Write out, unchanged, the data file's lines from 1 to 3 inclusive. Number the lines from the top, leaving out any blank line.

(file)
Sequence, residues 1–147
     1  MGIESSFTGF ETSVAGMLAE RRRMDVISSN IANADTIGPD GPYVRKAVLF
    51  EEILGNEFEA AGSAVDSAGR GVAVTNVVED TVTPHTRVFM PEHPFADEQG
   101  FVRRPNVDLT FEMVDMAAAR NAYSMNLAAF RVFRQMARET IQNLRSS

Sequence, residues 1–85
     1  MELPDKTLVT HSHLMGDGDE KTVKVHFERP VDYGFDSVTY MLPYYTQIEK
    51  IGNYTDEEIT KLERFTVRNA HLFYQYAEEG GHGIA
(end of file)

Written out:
Sequence, residues 1–147
     1  MGIESSFTGF ETSVAGMLAE RRRMDVISSN IANADTIGPD GPYVRKAVLF
    51  EEILGNEFEA AGSAVDSAGR GVAVTNVVED TVTPHTRVFM PEHPFADEQG